Given the majority of all successful cyber attacks involve some form of human error, we explore whether you can really scare people into better online security

It’s often assumed you can change the way people behave using fear. The fear of making a mistake or creating the security issue within the business we try to relate this to something other than security. Think of the tumours depicted in anti-smoking ads. Or the car crashes that feature in campaigns against drink-driving. In the security realm, think of pictures of faceless cyber criminals in hoods, or tales of single clicks inverting people’s lives.

The tactic seems simple: say something scary, change how people behave.

But does the tactic actually work? Can a big dose of fear really make people more vigilant in relation to security online?

What the experts say

In an effort to understand how fear impacts people’s online behaviours, we recently consulted human cyber security experts CybSafe, whose multi-award- winning software is currently revolutionising the human aspect of cyber security.

“The answer isn’t black and white,” CybSafe Head of Behaviour Science Dr. John Blythe initially said. “In a small number of cases, fear might change people’s behaviour. But in the overwhelming majority of cases, fear appeals are worse than useless.”

When you share a scary message, Dr. John explains, the majority of people actively avoid it. Particularly vulnerable people are especially likely to bury their heads in the sand. That might seem counter-intuitive at first. Why would vulnerable people ignore messages that could, when heeded, prevent a great deal of heartache?

It turns out there’s a very good reason.

Why fear isn’t as powerful as we think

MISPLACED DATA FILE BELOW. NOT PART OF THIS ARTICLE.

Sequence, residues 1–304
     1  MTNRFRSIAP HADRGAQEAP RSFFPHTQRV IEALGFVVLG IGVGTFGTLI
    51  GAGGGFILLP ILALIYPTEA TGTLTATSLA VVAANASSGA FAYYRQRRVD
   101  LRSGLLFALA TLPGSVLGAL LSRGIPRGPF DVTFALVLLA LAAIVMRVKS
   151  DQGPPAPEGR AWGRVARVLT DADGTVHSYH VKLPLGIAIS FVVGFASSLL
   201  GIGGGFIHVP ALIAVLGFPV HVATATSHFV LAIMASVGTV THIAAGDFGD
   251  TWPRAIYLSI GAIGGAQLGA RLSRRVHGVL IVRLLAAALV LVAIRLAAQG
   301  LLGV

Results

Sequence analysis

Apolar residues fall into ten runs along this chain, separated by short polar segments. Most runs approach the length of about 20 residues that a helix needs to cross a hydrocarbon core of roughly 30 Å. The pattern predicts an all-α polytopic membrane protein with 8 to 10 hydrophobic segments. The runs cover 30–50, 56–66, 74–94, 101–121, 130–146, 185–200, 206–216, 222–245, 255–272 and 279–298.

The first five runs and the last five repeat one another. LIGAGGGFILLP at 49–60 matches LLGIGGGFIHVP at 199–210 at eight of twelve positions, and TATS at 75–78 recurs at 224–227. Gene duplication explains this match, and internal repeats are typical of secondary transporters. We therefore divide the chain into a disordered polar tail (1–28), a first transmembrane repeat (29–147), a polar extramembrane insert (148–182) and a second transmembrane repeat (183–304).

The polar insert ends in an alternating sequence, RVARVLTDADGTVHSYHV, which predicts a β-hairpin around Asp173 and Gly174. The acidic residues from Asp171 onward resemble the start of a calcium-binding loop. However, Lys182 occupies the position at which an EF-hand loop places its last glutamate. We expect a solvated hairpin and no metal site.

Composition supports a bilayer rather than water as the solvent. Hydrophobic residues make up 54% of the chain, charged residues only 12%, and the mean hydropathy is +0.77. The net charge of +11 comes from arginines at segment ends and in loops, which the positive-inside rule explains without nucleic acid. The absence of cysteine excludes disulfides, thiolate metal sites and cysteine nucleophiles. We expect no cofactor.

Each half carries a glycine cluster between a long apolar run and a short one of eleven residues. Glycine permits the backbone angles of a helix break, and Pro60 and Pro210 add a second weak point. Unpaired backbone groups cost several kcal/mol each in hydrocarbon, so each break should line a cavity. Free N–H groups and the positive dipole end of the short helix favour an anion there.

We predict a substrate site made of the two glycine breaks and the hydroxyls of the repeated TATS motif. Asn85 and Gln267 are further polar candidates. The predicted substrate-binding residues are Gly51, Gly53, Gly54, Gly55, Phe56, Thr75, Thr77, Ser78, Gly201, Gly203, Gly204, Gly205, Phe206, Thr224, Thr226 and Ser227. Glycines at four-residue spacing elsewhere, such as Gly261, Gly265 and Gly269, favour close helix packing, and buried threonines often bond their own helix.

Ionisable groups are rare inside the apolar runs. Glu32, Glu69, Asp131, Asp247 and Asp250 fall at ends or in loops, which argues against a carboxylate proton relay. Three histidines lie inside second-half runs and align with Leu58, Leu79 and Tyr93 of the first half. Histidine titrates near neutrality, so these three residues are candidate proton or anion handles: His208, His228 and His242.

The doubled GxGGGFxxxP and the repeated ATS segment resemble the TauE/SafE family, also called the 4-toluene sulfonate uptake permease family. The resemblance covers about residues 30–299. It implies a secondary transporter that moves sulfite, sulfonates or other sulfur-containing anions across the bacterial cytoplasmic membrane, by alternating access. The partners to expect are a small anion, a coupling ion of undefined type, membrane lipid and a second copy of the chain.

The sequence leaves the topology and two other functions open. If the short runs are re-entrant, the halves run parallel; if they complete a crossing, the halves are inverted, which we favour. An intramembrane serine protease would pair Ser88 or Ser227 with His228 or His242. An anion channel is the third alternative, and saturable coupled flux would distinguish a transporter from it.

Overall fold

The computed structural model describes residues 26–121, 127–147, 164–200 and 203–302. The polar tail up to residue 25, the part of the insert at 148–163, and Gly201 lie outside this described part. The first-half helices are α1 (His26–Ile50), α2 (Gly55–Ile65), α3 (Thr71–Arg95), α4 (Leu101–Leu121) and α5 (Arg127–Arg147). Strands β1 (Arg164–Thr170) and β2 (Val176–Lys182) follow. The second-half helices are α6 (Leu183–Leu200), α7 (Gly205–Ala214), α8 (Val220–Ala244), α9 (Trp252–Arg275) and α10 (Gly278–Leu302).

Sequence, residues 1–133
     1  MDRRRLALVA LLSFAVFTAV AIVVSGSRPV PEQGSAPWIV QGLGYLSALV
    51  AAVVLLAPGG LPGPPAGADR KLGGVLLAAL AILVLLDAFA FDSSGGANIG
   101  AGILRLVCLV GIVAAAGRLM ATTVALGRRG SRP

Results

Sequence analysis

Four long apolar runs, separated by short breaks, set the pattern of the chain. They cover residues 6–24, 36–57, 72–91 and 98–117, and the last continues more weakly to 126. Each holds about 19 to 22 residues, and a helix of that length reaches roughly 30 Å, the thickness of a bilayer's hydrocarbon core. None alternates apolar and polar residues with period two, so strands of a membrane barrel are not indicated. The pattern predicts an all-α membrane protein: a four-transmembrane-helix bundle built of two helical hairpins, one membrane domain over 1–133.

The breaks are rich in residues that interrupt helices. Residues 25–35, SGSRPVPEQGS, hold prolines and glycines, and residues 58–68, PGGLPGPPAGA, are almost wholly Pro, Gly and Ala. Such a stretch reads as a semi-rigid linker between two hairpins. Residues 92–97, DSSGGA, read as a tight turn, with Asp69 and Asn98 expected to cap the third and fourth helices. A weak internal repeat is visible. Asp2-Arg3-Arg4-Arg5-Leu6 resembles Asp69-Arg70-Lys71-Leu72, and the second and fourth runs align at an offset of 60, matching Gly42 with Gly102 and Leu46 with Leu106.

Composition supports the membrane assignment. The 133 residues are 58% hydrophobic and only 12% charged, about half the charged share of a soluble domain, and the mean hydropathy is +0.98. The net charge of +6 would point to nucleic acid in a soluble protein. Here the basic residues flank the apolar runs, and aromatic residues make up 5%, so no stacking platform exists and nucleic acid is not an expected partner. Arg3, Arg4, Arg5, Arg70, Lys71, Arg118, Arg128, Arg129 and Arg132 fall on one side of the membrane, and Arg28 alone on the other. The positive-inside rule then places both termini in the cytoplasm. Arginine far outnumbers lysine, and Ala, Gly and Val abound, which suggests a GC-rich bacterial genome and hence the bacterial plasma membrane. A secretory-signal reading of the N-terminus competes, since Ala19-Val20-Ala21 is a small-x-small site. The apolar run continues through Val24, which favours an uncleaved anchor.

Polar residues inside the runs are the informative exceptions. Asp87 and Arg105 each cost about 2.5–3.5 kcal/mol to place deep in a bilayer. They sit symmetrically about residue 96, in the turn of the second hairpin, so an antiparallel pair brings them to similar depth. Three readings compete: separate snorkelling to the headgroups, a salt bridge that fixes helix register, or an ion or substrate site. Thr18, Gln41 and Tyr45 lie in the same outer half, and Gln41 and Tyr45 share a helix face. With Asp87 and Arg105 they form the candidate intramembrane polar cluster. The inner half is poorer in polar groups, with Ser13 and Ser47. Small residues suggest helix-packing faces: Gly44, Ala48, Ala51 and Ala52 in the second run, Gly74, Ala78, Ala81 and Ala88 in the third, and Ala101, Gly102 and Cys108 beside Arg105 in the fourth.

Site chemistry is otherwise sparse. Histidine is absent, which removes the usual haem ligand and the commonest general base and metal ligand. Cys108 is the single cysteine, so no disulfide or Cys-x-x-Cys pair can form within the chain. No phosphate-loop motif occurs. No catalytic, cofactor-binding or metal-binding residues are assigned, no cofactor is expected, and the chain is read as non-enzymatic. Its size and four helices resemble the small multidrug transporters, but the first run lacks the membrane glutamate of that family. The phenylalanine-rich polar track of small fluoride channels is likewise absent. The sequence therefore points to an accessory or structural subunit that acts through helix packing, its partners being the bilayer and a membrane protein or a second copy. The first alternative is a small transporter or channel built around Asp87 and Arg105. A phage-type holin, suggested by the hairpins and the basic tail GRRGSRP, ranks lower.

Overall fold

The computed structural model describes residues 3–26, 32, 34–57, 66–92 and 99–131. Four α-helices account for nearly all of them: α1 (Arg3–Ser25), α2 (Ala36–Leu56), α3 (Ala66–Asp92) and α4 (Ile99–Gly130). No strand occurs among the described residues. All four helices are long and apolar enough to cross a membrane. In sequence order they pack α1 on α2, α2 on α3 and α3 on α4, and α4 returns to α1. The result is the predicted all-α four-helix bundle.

Every day, the risk of catastrophe looms over all our lives. It’s omnipresent and it’s never going away. “We could ruminate on every impending catastrophe we face,” explains Dr. John. “Or we could decide not to worry too much until we absolutely must.”

Constantly worrying is detrimental to our mental wellbeing (picture waking up every day in a pit of despair). So, to keep us functioning, humans are blessed with what psychologists call an “optimism bias”. We accept catastrophes happen. But we find it difficult to accept that we might experience a catastrophe first hand.

“So when IT heads explain the horrifying consequences of cyber attacks, we pretty much just ignore them,” CybSafe CEO Oz Alashe notes. “We all already have a lot to do. And we’re going to get it all done before 5:30pm.”

What works instead?

Fortunately, just as scientific research reveals what to avoid in security training, it also reveals what to do instead.

“IT teams are better off empowering people,” advises Dr. John. “To change how people behave online, people must feel capable of preventing cyber attacks. And they must feel capable of preventing cyber attacks while getting their jobs done.”

According to CybSafe, empowered people become a formidable cyber defence. And CybSafe would know: their platform continuously measures human cyber risk to ensure its in-built security interventions actually work.

“We can’t scare people into preventing cyber attacks,” says Oz Alashe as a closing remark. That might be so – but perhaps it doesn’t matter.

Through empowering messages, people can still become a cyber defence.

Join us at 8am on Tuesday 11th February at Metrocentre Marriott where we discuss the human element of cyber security with our partners Tait Walker.